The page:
Researchers at the University of California – Riverside have found an way to make lithium ion batteries last five to ten times longer, all the while solving a 40-year-old problem in battery technology.
The quest to build a better battery is ramping up. Consumer electronics, electric vehicles and renewable energy technologies all rely heavily on advances in energy storage, forever calling for faster, smaller and cheaper batteries. And the next big breakthrough will be huge, as the electric car industry is still waiting for science to produce a battery that will allow e-cars to compete with gasoline-powered engines both in terms of cost and how far the vehicles can go between fill-ups.
Today’s lithium ion batteries have come a long way, but being built with graphite and other carbon-based materials has its inherent limitations in terms of both energy storage and material weight, two problems that could be well-addressed by using anodes (the negatively charged side of the battery) made of lithium metal. The lightest of all the metals, lithium-based anodes could theoretically provide much more energy density than graphite anodes, but their use has been stymied going back to the 1980s when attempts to make a rechargeable metal lithium battery first began.
The problem? Energy cycling using lithium anodes tends to develop filaments called dendrites which, through repeated use, reduce battery performance, produce electrical shorting of the battery and, worse of all, can cause the cell temperature to rise up to the melting point of lithium, setting the battery on fire.
“Over the cycling process, the repeated stripping/plating of a lithium layer will form dendritic and mossy metal deposits, which will eventually penetrate through the separators and cause safety hazards,” say the authors of a new study published in the journal Chemistry of Materials.
The new approach came about when researchers coated their lithium ion battery with an organic compound called methyl viologen which form a stable coating on the metal electrode and can elminate dendrite growth, substantially increasing the battery’s life and stabilizing its performance. “Compared with the previous approaches, our strategy shows obvious advantages, such as low cost, easy manipulation, and high compatibility with current lithium ion batteries,” say the study’s authors.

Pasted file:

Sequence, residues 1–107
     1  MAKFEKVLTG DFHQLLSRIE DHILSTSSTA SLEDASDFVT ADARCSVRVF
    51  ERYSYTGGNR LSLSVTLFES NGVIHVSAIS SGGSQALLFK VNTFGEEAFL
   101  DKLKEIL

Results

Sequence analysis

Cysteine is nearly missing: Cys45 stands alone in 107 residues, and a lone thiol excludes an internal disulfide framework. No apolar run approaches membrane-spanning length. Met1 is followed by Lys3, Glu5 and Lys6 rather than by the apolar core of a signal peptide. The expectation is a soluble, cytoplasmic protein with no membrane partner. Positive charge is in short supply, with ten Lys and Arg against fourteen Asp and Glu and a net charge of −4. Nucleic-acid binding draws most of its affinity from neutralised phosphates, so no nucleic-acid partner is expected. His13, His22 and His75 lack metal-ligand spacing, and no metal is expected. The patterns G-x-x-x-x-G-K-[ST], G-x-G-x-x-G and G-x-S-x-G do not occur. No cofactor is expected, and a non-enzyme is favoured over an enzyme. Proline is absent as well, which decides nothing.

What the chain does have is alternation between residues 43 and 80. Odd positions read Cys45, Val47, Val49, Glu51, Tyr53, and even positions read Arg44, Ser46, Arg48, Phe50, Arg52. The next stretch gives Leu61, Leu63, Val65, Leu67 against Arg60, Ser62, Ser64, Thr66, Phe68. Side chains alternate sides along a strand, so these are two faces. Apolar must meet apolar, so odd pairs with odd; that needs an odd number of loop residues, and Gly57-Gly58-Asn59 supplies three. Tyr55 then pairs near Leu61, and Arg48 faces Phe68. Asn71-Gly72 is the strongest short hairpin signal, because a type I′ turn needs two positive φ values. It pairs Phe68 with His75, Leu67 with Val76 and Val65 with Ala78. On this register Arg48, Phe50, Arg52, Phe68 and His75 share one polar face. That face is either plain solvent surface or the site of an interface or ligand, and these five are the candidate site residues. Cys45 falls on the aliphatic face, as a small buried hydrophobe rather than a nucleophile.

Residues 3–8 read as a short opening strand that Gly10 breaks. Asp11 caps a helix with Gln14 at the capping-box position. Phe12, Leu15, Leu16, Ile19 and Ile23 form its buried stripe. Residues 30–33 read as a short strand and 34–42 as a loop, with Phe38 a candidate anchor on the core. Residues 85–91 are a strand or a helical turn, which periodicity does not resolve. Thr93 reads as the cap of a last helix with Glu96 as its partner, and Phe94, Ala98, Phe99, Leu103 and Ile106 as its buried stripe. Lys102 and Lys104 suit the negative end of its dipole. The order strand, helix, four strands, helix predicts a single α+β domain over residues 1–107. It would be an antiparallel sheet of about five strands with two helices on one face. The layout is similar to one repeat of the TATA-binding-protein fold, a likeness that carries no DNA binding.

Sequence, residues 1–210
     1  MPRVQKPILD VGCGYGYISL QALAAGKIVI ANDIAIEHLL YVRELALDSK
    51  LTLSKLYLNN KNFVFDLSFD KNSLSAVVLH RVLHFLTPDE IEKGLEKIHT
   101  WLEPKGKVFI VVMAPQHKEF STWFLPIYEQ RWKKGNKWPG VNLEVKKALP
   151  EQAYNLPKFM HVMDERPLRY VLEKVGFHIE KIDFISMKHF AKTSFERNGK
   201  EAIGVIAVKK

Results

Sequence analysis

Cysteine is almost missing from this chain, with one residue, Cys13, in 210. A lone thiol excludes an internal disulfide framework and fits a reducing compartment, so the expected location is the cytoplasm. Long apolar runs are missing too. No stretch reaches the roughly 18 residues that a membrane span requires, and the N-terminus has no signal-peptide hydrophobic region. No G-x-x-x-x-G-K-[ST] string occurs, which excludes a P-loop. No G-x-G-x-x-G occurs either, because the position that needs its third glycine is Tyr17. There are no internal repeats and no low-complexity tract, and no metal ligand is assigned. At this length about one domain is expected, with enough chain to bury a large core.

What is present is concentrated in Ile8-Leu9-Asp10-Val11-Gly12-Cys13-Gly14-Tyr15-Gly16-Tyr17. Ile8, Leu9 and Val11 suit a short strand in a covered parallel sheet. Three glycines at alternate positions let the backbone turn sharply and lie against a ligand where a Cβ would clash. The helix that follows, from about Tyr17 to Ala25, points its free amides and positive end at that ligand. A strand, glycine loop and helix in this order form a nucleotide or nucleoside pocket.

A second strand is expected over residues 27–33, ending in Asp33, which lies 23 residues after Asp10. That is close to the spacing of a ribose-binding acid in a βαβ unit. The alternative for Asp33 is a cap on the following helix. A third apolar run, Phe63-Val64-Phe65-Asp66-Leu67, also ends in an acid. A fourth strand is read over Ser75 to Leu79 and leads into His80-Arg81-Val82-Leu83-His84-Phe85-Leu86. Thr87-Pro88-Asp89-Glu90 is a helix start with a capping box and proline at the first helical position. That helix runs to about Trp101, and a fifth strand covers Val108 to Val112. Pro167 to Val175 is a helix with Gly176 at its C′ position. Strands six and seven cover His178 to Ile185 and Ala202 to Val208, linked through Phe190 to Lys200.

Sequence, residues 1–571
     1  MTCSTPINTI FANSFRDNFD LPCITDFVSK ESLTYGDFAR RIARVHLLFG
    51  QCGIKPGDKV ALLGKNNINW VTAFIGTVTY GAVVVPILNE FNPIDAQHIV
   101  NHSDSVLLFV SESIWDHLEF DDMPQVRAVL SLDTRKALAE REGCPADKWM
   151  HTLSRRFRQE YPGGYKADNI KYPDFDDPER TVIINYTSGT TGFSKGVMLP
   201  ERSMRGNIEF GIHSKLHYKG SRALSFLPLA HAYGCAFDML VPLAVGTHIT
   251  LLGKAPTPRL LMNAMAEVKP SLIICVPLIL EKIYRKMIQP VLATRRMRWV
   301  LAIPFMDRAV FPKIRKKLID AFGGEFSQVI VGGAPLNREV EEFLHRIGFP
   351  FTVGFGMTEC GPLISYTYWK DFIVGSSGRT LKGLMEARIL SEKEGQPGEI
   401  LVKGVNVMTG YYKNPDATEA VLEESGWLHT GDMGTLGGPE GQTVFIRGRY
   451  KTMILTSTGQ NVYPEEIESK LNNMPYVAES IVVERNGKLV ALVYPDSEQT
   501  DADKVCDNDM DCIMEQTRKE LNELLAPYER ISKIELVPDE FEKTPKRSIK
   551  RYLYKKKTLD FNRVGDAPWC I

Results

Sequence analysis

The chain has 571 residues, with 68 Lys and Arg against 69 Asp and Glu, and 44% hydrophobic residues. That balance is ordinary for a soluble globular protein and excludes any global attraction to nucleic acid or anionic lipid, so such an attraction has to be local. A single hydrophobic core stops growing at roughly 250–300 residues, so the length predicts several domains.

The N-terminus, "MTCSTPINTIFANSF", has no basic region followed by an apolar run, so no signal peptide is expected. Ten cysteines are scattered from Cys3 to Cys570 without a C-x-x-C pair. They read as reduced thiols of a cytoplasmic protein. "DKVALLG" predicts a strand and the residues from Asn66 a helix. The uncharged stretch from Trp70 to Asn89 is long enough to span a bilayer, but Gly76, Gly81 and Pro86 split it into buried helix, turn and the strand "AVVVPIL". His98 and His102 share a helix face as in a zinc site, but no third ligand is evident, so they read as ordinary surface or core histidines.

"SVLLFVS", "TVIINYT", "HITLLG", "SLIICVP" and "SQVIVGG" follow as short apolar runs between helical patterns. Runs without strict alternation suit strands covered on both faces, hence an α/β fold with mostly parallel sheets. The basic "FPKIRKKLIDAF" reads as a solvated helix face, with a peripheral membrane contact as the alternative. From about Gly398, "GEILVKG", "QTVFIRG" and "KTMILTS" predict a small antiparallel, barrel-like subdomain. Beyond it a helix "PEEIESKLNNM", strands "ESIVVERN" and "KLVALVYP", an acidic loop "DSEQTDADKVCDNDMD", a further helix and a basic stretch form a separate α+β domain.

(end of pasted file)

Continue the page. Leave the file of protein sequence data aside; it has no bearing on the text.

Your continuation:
Lead author of the study, Chao Wang of the Department of Chemistry at UC Riverside says the use of methyl viologen has “the potential to change the future” for lithium ion batteries and energy storage technology.
Other inroads are currently being made into metallic lithium batteries, most prominently by University of Texas professor and co-inventor of the lithium ion battery, John Goodenough. The 94-year-old recently published a paper which claims to boost battery performance by using glass to replace the liquid electrolytes inside batteries, producing a reported 10-fold increase in energy density.
Goodenough has touted the invention as the cheap, lightweight and, importantly, non-combusting metal lithium battery the world has been searching for. Yet his work has its sceptics, with some experts questioning the basic physics behind Goodenough’s experiments and asserting that the inventor is essentially offering up a perpetual motion machine.
Others such as Jeff Dahn of Dalhousie University in Halifax, Nova Scotia, are keeping optimistic. “It’s kind of like cold fusion. Here is an experiment that is unbelievable,” said Dahn, to Quartz Media. “There could be a small possibility that it is right.”